The U.S. Food and Drug Administration has approved Bristol-Myers Squibb Co.’s Opdivo (nivolumab), in combination with certain types of chemotherapy, to become the first immunotherapy for the initial treatment of gastric cancer.
In a statement, the regulator said the approval is for the first-line treatment of patients with advanced or metastatic gastric cancer, gastroesophageal junction cancer and esophageal adenocarcinoma.
Opdivo received Priority Review and Orphan Drug designations for this indication.
Among the around 28,000 new diagnoses of gastric cancer each year in the U.S, the rate of cure with resection is very low and the survival rate for all stages is 32% with currently available therapy, the FDA said. The 5-year survival rate for advanced or metastatic gastric cancer is 5%.
Opdivo is a monoclonal antibody that inhibits tumor growth by enhancing T-cell function. Its efficacy was evaluated in a randomized, multicenter, open-label trial of 1,581 patients with previously untreated advanced or metastatic gastric cancer, gastroesophageal junction cancer and esophageal adenocarcinoma.
In the trial, it was found that the patients who received Opdivo in combination with chemotherapy, on average, lived longer than those who received chemotherapy alone. Median survival was 13.8 months for patients who received Opdivo plus chemotherapy compared to 11.6 months for patients who received chemotherapy alone.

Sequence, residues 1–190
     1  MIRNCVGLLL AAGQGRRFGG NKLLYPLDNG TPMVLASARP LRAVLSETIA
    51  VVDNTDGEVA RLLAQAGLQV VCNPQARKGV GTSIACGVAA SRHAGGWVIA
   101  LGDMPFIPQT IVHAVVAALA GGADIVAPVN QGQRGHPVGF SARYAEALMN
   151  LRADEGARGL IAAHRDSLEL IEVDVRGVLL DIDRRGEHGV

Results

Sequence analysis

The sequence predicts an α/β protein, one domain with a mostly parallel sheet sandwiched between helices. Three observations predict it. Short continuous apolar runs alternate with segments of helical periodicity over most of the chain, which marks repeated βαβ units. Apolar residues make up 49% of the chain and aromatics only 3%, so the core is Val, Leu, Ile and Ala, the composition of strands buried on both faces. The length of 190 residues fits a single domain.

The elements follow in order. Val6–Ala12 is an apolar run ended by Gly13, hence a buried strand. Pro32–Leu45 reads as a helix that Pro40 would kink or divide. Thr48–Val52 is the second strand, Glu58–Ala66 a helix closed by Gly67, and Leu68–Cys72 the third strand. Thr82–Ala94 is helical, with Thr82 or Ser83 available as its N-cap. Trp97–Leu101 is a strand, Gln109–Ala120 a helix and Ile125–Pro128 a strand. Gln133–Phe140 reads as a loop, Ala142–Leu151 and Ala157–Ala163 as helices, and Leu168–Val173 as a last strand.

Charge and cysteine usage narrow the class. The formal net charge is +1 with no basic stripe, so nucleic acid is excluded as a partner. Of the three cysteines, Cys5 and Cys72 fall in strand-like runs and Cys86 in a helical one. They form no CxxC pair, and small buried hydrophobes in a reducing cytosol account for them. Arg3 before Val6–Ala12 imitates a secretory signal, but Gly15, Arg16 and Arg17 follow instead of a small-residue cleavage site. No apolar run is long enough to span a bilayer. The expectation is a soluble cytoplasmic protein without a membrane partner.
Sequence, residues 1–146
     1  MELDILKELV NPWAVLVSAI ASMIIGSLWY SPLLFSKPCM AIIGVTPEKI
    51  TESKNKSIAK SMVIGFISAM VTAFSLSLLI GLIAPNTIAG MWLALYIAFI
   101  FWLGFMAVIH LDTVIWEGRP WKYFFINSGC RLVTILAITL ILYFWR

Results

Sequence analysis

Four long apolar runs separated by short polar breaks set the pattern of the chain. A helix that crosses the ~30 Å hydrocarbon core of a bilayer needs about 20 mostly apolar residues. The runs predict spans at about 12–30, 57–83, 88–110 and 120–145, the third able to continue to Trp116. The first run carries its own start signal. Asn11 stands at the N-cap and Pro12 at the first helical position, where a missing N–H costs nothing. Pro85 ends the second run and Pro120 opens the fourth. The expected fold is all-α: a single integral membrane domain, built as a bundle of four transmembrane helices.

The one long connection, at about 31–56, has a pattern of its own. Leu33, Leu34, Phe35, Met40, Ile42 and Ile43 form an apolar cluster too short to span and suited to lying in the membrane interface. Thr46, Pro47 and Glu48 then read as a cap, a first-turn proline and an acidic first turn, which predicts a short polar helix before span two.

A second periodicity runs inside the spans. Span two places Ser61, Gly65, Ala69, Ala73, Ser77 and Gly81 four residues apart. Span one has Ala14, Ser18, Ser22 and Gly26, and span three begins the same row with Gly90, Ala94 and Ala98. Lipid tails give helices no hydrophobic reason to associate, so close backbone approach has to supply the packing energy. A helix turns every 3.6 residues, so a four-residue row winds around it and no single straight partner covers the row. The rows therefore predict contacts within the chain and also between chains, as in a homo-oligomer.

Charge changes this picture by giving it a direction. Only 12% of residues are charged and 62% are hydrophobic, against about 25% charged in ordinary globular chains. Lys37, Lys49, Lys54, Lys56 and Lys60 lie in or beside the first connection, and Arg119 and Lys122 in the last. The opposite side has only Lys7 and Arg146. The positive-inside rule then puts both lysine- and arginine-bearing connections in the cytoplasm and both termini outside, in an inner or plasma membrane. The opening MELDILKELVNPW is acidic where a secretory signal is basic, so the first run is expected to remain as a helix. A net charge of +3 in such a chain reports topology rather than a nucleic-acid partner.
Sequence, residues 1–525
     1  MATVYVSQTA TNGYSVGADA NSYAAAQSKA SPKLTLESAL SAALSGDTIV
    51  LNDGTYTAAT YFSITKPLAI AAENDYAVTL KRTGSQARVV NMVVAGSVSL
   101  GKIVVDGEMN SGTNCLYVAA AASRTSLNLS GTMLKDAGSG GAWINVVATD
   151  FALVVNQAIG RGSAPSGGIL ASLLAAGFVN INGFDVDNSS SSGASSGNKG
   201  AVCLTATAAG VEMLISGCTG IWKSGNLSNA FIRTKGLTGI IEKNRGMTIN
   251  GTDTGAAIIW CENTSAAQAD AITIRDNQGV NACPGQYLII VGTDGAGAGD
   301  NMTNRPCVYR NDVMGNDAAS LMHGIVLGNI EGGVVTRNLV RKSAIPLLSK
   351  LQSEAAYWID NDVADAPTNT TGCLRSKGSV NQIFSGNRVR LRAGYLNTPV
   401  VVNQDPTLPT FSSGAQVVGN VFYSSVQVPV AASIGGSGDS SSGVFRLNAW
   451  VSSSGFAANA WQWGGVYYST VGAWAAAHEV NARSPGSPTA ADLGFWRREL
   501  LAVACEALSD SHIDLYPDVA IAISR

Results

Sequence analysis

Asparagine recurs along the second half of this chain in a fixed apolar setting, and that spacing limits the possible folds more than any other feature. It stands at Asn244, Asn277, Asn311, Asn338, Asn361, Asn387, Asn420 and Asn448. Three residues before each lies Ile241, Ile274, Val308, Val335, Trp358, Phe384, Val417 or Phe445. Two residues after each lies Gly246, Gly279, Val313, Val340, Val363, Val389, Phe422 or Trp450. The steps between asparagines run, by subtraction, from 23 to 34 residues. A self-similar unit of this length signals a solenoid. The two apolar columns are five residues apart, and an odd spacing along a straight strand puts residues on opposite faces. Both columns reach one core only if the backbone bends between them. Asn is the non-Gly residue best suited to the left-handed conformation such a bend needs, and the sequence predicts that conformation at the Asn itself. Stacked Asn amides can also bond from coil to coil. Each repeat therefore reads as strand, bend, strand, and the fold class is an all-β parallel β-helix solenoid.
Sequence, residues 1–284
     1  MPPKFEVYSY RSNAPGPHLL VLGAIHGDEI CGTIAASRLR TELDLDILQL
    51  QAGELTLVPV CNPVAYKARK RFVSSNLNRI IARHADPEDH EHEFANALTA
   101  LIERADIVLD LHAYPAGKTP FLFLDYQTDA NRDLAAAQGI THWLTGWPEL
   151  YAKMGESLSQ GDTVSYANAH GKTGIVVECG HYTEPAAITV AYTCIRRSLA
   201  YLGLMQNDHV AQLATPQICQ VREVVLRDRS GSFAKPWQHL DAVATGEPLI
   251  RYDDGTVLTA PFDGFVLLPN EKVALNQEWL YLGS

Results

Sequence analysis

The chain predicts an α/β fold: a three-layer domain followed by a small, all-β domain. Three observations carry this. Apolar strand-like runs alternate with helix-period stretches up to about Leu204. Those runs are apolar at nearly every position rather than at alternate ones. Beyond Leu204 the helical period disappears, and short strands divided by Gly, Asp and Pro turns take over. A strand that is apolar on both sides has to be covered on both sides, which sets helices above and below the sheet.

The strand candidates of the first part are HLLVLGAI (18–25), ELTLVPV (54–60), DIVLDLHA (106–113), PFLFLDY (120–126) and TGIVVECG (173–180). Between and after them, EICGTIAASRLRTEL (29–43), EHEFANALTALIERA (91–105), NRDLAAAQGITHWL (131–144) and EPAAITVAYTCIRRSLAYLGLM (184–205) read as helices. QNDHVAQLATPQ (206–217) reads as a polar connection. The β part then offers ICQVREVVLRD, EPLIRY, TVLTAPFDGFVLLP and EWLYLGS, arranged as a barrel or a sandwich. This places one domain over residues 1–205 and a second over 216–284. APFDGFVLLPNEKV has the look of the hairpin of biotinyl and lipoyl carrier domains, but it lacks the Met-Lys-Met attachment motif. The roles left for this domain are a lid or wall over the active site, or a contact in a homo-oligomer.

The most common side effects of Opdivo in combination with chemotherapy include peripheral neuropathy, nausea, fatigue, diarrhea, vomiting, decreased appetite, abdominal pain, constipation and musculoskeletal pain.
The review was conducted under Project Orbis, an initiative of the FDA Oncology Center of Excellence.
Richard Pazdur, director of the FDA’s Oncology Center of Excellence, said, “Today’s approval is the first treatment in more than a decade to show a survival benefit for patients with advanced or metastatic gastric cancer who are being treated for the first time.”
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